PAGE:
The Wolf Pack’s divisional address will stay the same, as they remain in the Northeast Division, but that division became less geographically compact.  The Adirondack Phantoms, whom the Pack battled ten times in 2013-14, have moved from Glens Falls to Allentown, PA, and that franchise, now called the Lehigh Valley Phantoms, has been moved to the East Division.  Replacing the Phantoms in the Northeast are the Syracuse Crunch, who played the last five years in the East Division.  It will be interesting to see how many times the Wolf Pack play the Crunch, as Syracuse, at 254 miles from Hartford, is 83 miles further than Glens Falls.  Glens Falls is less than a three-hour ride from the XL Center, and the Wolf Pack did that as a day trip several times, but Syracuse, at about four hours, is too long to do the day of a game.

Happily for the good fans of Glens Falls, who are near and dear to my heart, the Abbotsford Heat moved in to replace the departed Phantoms.  That relocated Heat franchise, re-christened the Adirondack Flames, will have to remain in the Western Conference, lest there be an imbalance in the number of teams in the two conferences.  In the Western Conference, the Lake Erie Monsters will be moving into the Midwest Division from the North and the Iowa Wild, in their second year of play in Des Moines, will be in the Midwest Division instead of the West.

Another perennial summer story line is coaching changes, and there have already been several in the AHL.

Brent Thompson

Brent Thompson

In the Wolf Pack’s division, defending divisional champ Springfield will have Jared Bednar calling the shots next year, after Brad Larsen was promoted to an assistant’s position with parent-club Columbus.  Bednar was one of Larsen’s assistants the last two seasons.  And in Bridgeport, former Wolf Pack defenseman Brent Thompson is returning for his second stint as the Sound Tigers’ head man.  Thompson, who had served as an assistant for the parent New York Islanders for the past two years, after one year in the Bridgeport head job in 2011-12, replaces the fired Scott Pellerin.

The Calder Cup-winning head coach, the Texas Stars’ Willie Desjardins, has parlayed the Stars’ championship into an NHL head job with the Vancouver Canucks.  He will be replaced in Cedar Park by Derek Laxdal, who was hired away from the Western Hockey League’s Edmonton Oil Kings.  And Manchester Monarchs bench boss Mark Morris, the second longest-serving head man in the league behind Worcester’s Roy Sommer, was not brought back, despite leading the Monarchs to an Eastern Conference regular-season championship.  His replacement behind the Monarch bench will be former Grand Rapids Griffins head coach Mike Stothers, who spent the last three years battling Laxdal in the WHL, as coach of the Moose Jaw Warriors.

Two new coaches have been hired in the East Division, with Troy Mann replacing Mike Haviland in Hershey and Jarrod Skalde taking over for Trent Yawney down in Norfolk.  Haviland left the Bears after one season to become head coach of Colorado College, while Mann, an ex-Hershey assistant, returns to Chocolatetown after one year piloting the Bakersfield Condors of the ECHL.  Yawney was elevated from Norfolk to become an assistant with the parent club in Anaheim, and Skalde, who has head-coaching experience in the IHL and ECHL, gets his first AHL head gig after one season as Yawney’s assistant.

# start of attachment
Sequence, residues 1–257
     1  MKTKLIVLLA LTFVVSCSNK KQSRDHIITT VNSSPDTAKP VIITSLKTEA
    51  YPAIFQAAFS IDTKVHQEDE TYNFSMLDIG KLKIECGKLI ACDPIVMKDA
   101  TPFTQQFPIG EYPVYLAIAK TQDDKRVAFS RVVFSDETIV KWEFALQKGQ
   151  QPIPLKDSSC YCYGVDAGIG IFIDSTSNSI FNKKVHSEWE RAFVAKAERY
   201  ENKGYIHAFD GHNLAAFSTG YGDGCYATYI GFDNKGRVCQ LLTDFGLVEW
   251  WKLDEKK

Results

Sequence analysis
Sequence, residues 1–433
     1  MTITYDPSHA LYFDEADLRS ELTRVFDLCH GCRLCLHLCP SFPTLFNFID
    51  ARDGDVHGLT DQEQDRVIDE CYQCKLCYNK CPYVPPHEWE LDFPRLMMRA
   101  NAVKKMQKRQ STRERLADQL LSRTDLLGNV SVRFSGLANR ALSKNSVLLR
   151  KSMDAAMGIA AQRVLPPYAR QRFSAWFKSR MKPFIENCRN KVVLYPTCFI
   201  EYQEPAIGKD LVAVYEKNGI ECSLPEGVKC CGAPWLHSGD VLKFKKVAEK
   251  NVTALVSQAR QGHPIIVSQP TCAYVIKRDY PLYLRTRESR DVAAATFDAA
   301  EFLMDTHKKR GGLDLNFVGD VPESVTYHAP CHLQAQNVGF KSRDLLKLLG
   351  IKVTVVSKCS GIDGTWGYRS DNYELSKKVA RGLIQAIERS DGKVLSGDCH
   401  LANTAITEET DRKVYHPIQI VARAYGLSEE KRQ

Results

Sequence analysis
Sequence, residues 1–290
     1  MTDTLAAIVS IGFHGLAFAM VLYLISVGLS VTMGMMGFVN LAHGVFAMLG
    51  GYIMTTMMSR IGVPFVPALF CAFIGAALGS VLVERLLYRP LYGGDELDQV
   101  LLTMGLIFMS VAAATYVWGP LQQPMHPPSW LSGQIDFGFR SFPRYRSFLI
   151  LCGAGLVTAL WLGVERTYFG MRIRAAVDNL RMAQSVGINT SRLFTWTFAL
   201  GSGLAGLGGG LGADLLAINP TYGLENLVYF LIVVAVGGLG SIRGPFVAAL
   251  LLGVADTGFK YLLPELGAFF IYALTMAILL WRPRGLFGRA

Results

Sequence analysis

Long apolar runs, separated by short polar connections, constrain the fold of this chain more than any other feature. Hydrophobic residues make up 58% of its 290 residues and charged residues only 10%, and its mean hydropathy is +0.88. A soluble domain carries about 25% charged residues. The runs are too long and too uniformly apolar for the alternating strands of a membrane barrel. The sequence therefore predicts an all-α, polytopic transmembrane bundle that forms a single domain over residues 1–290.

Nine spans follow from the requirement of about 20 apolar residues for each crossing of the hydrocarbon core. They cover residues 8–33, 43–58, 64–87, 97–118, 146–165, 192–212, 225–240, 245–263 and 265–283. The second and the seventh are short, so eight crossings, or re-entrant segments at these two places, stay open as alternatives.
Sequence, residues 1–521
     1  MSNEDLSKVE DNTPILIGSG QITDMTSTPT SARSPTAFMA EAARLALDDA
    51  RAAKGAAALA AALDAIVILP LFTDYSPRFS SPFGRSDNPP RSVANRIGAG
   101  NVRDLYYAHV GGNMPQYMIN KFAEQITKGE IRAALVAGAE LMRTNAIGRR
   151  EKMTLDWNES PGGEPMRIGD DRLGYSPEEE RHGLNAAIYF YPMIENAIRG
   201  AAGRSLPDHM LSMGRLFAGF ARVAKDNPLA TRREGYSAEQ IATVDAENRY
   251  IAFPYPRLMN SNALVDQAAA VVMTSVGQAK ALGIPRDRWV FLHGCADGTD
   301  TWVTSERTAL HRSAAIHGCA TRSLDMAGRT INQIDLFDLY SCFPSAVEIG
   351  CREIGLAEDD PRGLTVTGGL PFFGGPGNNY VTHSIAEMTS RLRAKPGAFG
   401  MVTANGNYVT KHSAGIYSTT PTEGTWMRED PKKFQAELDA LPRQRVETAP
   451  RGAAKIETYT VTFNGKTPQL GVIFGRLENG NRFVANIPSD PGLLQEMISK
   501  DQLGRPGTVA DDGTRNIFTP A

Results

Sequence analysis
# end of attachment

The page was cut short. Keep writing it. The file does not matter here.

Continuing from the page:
Along with a new location for their AHL affiliate, the Flames also have a new AHL coach, as they elected not to keep Troy Ward, their head man in Abbotsford the last three years.  He has been supplanted by Ryan Huska, another WHL product.  Huska has been the top man of the Kelowna Rockets for the past seven seasons.

And the latest AHL team to be in the market for a new leader is the Toronto Marlies, as the parent Maple Leafs announced just yesterday that Steve Spott, who led the Marlies to a North Division championship and to within one win of the Calder Cup Finals this year, will be rewarded with an assistant’s spot on the Leafs’ staff for 2014-15.


Ranger Signings Bolster Depth

July 7, 2014

The parent New York Rangers rarely fail to cook an extremely hot stove when the flag goes up on free agency, and this year’s kickoff of the signing season was no exception.

And in addition to adding a major veteran NHL cog in defenseman Dan Boyle, the Blueshirts made a huge commitment to organizational depth.  The exclamation mark on that was the announcement Wednesday that Chris Bourque has signed on with the Rangers.

Chris Bourque, of course, is the older brother of Ryan Bourque, a Wolf Pack fixture for the past three seasons, and the elder Bourque has fashioned himself quite an AHL resume.  He was a major cog in the Hershey Bears’ mini-dynasty late in the last decade, which saw the boys from Chocolatetown win three Calder Cups, in 2006, 2009 and 2010, in a span of five years and get to the Finals in a fourth of those five years, 2007.  Bourque was AHL Playoff MVP in 2010 and won the league scoring title in 2011-12, racking up 27-66-93 in 73 games.

Bourque has been nearly a point-a-game player over 437 AHL games in his career, posting 433 points (142 goals and 291 assists), and I know he has always been a favorite of the Wolf Pack coaching staff, who has admired Bourque’s tenacity and effort, which often even overshadow his considerable skills.  That is a trait that his younger brother shares, and I have to believe that the potential for playing with Ryan, whether that be in New York or in Hartford, was a major factor in Chris Bourque’s decision to sign with the Rangers.  Ryan’s entry-level deal with the Rangers is up, making him a restricted free agent, but I would assume that he will re-sign, especially now with his big brother in the fold.